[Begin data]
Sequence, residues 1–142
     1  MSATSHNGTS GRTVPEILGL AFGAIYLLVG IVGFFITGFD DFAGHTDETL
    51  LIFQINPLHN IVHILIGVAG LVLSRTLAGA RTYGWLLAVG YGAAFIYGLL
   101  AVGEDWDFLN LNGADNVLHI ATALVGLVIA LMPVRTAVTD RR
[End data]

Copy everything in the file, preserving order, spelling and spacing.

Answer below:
Sequence, residues 1–142
     1  MSATSHNGTS GRTVPEILGL AFGAIYLLVG IVGFFITGFD DFAGHTDETL
    51  LIFQINPLHN IVHILIGVAG LVLSRTLAGA RTYGWLLAVG YGAAFIYGLL
   101  AVGEDWDFLN LNGADNVLHI ATALVGLVIA LMPVRTAVTD RR